What I am going to do is share a few forgiveness strategies from You Are A Badass that really resonated with me…

  • Find Compassion – Acknowledge that we all mess up. We all make mistakes because we aren’t God. We are all imperfect. Expecting others to be perfect all the time is hypocritical, so take a moment and let it go.
  • Erase The Other Person From The Equation – When we get upset at someone for an action they’ve committed, we like to think that it’s the person that pissed us off when in reality it was their action. So instead of dwelling on how horrible of a person they are, remove them from the scenario. Ask yourself what about the situation upset you. Why is it bothering you? Why did it happen in the first place? How did it happen to ME? Is there anything I could have done to prevent it from occurring? Find compassion.
  • Choose Happiness Over Correctness – We all want to be right. Often times when two people are angry at each other, each party thinks it’s the other who’s at fault. It’s often these scenarios that go unresolved for the longest time and because of that, it’s these scenarios that eat away at us the most. Consequently, it’s these situations that steal our happiness and make us bitter. In short, they almost ruin us. So wouldn’t you rather enjoy life than hold a debilitating grudge year after year? And honestly, the other person is probably happy that you’re unhappy, so why give them that satisfaction? Why let them steal your life away? Be selfish and choose happiness. Life will thank you.
  • Look At It From All Angles – This is for the little things that upset us because we jump to conclusions. Maybe that person didn’t cut you off in traffic because you made them upset. Maybe they just lost their job and were so busy thinking about how they were going to put food on the table that they forgot to check their mirror. When we consider this, suddenly they don’t seem like a terrible person anymore. This is the one tip that we get better at as adults, but forget to apply to serious situations. Maybe what Judy said when Dad died was driven by her guilt about a grudge she never forgave dad for and now she’s thinking about all the years she wasted ignoring him. Suddenly, she’s not as bad of a person anymore. Consider all it from all angles.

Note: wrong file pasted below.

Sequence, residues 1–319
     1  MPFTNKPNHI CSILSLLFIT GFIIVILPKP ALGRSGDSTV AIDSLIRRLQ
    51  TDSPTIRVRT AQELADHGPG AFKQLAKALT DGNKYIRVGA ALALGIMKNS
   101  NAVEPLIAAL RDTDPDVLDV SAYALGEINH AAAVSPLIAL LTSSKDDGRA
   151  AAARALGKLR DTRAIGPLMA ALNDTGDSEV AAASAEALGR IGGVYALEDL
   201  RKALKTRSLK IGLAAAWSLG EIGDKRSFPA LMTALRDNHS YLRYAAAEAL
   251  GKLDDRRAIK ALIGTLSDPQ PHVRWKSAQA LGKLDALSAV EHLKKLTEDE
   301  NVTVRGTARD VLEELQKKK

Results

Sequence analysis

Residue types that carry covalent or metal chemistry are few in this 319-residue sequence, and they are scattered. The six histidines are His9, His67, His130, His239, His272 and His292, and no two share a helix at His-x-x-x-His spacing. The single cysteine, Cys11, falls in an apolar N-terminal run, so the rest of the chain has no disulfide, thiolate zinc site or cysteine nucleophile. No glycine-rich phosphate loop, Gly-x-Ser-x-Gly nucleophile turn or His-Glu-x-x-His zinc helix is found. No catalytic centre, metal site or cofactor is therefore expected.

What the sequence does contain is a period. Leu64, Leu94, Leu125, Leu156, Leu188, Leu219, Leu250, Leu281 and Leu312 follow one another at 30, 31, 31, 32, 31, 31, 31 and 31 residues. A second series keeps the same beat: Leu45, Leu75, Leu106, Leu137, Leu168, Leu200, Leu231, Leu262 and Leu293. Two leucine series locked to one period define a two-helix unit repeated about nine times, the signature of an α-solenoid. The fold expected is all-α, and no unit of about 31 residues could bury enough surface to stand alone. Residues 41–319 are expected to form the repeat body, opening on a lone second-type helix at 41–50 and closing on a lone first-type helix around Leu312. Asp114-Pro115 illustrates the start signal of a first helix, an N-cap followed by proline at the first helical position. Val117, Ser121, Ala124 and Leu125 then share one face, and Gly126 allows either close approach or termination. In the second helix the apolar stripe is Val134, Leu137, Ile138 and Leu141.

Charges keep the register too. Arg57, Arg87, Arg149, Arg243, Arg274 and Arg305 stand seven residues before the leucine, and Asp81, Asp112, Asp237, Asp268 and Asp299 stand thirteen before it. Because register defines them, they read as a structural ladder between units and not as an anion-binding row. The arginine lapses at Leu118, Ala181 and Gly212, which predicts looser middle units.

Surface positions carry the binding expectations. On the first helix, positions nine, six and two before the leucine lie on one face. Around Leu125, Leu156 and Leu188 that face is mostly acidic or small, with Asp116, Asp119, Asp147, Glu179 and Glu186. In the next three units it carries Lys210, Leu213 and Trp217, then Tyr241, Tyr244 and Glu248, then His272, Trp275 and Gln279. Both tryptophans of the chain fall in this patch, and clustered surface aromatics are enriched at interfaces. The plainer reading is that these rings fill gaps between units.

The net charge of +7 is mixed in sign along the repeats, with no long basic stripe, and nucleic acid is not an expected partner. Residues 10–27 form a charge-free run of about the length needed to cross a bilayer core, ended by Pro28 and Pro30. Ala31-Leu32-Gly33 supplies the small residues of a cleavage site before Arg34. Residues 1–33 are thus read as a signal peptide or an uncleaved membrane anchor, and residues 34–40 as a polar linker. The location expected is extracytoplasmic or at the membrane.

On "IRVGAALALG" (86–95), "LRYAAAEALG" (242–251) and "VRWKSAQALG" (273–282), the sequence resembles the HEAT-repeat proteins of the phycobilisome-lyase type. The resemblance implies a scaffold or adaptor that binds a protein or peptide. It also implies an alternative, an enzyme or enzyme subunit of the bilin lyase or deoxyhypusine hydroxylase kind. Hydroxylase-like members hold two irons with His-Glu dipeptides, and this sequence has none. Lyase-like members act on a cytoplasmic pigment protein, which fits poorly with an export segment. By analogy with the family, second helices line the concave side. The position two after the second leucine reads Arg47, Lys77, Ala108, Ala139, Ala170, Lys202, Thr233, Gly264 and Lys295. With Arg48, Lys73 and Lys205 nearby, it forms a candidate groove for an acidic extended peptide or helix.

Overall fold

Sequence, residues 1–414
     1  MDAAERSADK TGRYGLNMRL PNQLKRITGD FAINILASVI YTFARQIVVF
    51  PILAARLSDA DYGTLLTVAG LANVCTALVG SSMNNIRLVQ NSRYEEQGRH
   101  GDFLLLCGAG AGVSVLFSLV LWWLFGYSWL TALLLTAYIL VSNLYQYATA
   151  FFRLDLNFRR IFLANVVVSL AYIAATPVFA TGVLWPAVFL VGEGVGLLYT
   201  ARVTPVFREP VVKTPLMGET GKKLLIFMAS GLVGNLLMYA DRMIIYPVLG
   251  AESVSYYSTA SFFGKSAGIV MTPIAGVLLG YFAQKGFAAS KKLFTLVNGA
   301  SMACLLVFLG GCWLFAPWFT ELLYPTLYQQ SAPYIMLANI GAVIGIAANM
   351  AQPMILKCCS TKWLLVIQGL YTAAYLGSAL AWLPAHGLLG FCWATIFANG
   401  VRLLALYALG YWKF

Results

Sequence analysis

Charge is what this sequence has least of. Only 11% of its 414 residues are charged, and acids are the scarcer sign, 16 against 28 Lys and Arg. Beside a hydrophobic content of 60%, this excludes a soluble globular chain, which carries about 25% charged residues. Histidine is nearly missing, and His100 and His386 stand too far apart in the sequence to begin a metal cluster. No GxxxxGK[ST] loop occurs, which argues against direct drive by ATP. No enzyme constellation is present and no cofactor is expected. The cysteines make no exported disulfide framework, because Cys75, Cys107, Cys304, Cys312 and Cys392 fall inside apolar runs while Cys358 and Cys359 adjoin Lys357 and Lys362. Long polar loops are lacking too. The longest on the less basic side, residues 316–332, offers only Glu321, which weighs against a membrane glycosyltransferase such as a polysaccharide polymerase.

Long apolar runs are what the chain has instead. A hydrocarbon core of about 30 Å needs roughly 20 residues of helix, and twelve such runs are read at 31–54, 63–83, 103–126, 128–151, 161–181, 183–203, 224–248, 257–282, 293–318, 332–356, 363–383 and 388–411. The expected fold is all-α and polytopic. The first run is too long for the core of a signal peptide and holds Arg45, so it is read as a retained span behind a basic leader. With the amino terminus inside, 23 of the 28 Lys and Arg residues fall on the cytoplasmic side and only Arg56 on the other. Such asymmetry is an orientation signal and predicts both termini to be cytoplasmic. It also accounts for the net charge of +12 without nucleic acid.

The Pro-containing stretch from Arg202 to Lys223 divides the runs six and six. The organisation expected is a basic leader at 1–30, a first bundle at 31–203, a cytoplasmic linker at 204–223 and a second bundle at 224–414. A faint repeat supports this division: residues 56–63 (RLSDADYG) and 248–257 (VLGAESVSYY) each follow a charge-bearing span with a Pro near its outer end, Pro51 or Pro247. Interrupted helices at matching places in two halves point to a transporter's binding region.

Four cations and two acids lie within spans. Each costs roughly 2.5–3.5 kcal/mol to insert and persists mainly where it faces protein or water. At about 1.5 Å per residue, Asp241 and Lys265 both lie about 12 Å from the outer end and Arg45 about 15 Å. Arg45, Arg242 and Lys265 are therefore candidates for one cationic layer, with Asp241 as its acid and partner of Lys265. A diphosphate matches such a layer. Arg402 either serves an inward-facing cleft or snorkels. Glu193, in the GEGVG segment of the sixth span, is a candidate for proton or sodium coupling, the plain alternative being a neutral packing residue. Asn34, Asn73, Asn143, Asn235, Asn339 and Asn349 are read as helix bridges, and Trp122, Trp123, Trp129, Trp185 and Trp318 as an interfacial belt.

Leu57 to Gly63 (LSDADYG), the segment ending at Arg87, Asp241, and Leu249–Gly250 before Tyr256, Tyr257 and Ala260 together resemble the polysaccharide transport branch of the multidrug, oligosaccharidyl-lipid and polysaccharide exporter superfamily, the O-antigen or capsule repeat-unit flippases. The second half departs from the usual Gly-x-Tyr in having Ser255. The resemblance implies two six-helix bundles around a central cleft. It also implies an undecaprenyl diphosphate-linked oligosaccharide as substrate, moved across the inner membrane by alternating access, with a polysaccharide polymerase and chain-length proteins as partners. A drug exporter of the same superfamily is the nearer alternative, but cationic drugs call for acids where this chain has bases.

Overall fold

• Have A Shit-Fit – If you’re so upset by what happened, go somewhere and scream as loud as you can. Beat a pillow or punch a punching bag. Get the anger out, get yourself together, and move on.
  • Love Yourself – Choose your happiness. Be selfish. Life is too short to dwell on the little things.

Forgiveness takes practice, but if we keep dwelling on what could have been we’ll never become all that we can be…we’ll never live life to the fullest. So this week, I challenge you to forgive one person that you’ve been holding resentment toward. It doesn’t matter if you think you’re right. It doesn’t matter if they should apologize first. Pick yourself up. Be the bigger person. Forgive them and move on.

I hope this post resonated with you all! As always, don’t forget to like, comment, and share. Don’t forget to like Taking Back Today…it would really help me out 🙂

If you’re interested in learning Jen’s tips and tricks for yourself, you can purchase You Are A Badass by clicking here. It’s an amazing book that reveals how we really talk to ourselves, how to be true to who we are, and how to live our best lives! For even more resources, check out the My Favorites tab at the top of this page.

Most importantly, have an amazing week. You deserve it!

“Forgiveness means giving up all hope for a better past.” ~ Lily Tomlin